Mother’s Day as a single parent

Mother’s Day as a single parent
Mother’s Day as a single parent, or any celebration day for that matter, can feel especially tricky when you’re separating or divorcing. Our tips for Mother’s Day will smooth the way and help you celebrate.

Use a Parenting Plan to agree arrangements for special days

Make a parenting plan when you separate or divorce. A parenting plan details how you’ll co-parent your children. It typically includes arrangements for special days such as Mother’s Day or birthdays or Christmas. Make sure everyone knows what’s happening ahead of time and what’s expected to minimise stress.  You can use our FREE divorce app to make your parenting plan.

Plan Mother’s Day ahead of time

If you don’t have a parenting plan, plan Mother’s Day as a single parent .Give yourselves plenty of time to make arrangements. If possible, your children should spend time with their mum. This may mean extra flexibility on both your parts. You may need to swap a weekend, a day or a few hours. If you have scheduled your weekends for the coming months ahead – try to compensate creatively rather than disrupt the on-going schedule as this can cause bad feeling and be a barrier to your co-parent being flexible.

If you haven’t planned ahead of time – be creative

Celebrate Mother’s day next Wednesday after school if it’s not possible to see the kids on Sunday. Try to stay focused on what’s important – the celebration of your relationship with your kids. Whilst it may not feel fair, or be fair, turning the day into a battle ground won’t feel like much of a celebration of love. If it doesn’t go to plan this year – think about what changes need to be implemented within your co-parenting relationship for next year and other important days. You can email us your experience of Mother’s Day as a single parent to [email protected]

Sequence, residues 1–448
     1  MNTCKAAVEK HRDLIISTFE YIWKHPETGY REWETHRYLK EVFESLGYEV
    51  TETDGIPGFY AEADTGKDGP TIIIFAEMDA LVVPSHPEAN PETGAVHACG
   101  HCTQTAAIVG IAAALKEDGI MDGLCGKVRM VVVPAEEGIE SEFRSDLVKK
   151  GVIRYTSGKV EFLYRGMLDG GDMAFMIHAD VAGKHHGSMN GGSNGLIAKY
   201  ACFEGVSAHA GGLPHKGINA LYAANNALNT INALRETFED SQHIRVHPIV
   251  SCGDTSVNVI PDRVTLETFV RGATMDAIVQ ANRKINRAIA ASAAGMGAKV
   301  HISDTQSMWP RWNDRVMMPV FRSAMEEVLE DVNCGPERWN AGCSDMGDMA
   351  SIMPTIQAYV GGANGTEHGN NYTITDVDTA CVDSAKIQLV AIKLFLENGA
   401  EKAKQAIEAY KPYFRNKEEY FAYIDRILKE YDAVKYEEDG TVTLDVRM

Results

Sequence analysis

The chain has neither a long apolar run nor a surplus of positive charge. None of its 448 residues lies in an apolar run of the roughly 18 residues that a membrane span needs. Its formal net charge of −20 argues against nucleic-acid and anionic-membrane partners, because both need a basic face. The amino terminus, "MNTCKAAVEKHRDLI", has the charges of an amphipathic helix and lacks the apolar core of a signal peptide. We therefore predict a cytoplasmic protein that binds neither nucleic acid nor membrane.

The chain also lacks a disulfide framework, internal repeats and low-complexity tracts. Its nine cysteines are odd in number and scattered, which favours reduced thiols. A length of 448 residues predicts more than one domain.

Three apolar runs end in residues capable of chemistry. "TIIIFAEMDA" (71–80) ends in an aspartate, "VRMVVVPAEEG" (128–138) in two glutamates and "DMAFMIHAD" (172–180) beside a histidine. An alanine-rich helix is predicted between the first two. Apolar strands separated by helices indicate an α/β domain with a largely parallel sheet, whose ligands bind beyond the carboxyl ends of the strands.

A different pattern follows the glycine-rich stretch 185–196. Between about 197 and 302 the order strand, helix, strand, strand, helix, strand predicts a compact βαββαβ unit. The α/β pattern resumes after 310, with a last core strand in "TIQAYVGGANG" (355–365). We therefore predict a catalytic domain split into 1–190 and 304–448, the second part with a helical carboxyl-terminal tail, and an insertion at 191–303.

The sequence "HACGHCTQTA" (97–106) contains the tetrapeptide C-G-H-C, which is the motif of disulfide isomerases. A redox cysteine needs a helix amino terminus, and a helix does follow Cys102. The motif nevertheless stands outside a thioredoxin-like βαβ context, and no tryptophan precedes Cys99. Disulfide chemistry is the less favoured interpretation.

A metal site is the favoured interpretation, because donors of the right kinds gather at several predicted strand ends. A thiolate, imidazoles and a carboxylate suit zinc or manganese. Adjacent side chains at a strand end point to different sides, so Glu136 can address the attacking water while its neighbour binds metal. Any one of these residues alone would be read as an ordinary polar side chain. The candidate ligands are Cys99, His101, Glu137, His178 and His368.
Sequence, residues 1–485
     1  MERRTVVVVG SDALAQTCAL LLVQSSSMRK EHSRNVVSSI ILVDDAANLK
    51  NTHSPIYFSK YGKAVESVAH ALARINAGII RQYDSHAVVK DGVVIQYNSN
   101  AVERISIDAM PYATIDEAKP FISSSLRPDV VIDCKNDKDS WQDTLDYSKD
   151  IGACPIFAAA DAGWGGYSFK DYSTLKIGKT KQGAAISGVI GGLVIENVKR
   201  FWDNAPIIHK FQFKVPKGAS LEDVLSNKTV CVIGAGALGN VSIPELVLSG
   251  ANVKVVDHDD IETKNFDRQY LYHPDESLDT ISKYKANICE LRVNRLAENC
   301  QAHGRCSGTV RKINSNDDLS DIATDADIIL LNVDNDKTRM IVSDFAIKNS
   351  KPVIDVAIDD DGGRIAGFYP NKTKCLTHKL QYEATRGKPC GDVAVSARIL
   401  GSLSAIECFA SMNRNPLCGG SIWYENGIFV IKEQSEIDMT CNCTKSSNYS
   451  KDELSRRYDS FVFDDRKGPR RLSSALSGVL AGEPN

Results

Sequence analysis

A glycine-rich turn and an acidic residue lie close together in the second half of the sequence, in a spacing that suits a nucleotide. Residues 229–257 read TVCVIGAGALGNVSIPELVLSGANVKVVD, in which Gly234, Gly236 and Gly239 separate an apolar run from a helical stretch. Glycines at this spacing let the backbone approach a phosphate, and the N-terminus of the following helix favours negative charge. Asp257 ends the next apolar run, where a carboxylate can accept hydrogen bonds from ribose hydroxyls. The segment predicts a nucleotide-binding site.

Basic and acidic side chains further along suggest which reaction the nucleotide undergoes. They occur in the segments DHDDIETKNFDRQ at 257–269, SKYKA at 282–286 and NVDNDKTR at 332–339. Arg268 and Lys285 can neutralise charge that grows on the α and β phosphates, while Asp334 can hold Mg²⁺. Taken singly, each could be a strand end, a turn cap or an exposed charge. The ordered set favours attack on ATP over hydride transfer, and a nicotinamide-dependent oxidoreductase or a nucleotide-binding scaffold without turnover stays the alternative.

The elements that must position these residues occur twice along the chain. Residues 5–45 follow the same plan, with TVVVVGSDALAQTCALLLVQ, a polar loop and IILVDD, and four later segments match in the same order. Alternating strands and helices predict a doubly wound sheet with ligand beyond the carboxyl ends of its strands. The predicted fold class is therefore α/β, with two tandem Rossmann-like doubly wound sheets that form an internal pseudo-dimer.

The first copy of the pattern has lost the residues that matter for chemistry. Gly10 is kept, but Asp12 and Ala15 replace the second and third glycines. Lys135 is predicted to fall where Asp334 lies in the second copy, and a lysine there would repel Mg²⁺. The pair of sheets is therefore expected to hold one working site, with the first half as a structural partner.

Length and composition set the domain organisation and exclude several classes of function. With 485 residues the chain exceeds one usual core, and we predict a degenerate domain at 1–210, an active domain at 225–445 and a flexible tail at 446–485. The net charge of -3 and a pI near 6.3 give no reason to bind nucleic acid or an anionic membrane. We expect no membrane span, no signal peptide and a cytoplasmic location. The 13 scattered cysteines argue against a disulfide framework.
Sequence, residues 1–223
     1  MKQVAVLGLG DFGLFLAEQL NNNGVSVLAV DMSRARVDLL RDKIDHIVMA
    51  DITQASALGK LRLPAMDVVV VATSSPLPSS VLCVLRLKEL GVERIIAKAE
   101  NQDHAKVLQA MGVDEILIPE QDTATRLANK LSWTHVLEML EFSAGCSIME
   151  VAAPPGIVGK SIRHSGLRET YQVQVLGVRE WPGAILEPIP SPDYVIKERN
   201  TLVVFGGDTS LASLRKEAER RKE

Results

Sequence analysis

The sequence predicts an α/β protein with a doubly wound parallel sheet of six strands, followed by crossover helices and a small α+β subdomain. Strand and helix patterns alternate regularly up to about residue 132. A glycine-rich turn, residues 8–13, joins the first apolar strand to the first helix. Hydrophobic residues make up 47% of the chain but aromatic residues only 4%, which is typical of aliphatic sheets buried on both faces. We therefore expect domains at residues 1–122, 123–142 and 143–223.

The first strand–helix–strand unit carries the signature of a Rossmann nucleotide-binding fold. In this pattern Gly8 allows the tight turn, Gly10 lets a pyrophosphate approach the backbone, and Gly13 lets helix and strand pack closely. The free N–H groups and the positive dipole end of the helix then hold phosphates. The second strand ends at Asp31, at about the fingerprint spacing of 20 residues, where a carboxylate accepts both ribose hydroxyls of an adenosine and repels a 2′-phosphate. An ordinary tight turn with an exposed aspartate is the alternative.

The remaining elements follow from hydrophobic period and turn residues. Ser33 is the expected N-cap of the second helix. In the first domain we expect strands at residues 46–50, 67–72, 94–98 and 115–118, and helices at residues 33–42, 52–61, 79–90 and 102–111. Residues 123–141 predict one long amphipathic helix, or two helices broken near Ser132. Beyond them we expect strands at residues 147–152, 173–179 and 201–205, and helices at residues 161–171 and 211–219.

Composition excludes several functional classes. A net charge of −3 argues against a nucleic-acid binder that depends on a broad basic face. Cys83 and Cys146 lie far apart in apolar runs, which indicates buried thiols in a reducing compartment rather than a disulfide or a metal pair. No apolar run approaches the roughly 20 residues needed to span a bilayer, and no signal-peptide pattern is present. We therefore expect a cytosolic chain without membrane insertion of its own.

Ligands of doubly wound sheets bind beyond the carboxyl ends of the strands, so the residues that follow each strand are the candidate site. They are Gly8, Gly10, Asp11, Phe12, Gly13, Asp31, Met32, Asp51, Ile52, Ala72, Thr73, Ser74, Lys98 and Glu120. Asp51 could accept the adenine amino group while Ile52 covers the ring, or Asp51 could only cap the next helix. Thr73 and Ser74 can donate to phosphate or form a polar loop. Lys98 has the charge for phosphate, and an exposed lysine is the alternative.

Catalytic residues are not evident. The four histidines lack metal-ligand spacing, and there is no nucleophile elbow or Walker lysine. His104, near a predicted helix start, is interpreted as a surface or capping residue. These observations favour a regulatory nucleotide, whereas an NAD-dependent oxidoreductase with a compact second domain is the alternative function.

A single-mum’s best friend? Another single-mum of course

If you’re a single mum with the lion’s share of the care of your kids, Mother’s Day may not be quite the TV ad rest you’d hoped for. If your ex isn’t cooperative presents or cards may not be forthcoming. So instead, why not make the day different. Create your own new traditions… maybe Mother’s Day as a single parent means a family trip to the cinema or maybe you have another single-mum friend you can split the day with – one having all the kids in the morning and one in the afternoon so you both get some time off.

Dad’s, help your kids appreciate their mum

This Mother’s Day as a single parent tip goes out to all single Dad’s. If it’s not possible for the children to see their mum on Mother’s Day think about what can be achieved instead. Can the children send cards or a small gift? Can they skype/call or text their mum to let her know they’re thinking about her? Depending on the age and nature of your kids, homemade cards can be a great idea. I love these really simple, effective ideas

Be the co-parent not the ex

Most kids, especially older ones, need more than a bit of nudging to get themselves into gear. Remind them in good time to get a card or small gift, to phone or text or visit – ensure there is an expectation from you that they will make a fuss of their Mum. Supporting their relationship with their Mum is one of the key loving acts of being a successful co-parent!

Our final tip for Mother’s Day as a single parent

Take some time for yourself. Whichever parent you are, if you don’t have the kids with you on Mother’s Day take the opportunity to do something nice for you. Don’t work, do chores or waste the day – celebration days are an opportunity to enjoy and reward yourself…chances are you’ll deserve some fun if this is your first Mother’s Day as a single parent.

For more information on Parenting Plans or becoming effective co-parents, you can contact us or download our free app from the App Store.

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Kate Daly Kate Daly
About the author Kate Daly is a co-founder of amicable. Kate is a divorce expert and helps couples and separated parents navigate divorce and separation amicably. She's passionate about changing the way the world divorces and campaigns for fairer divorce laws and access to justice.

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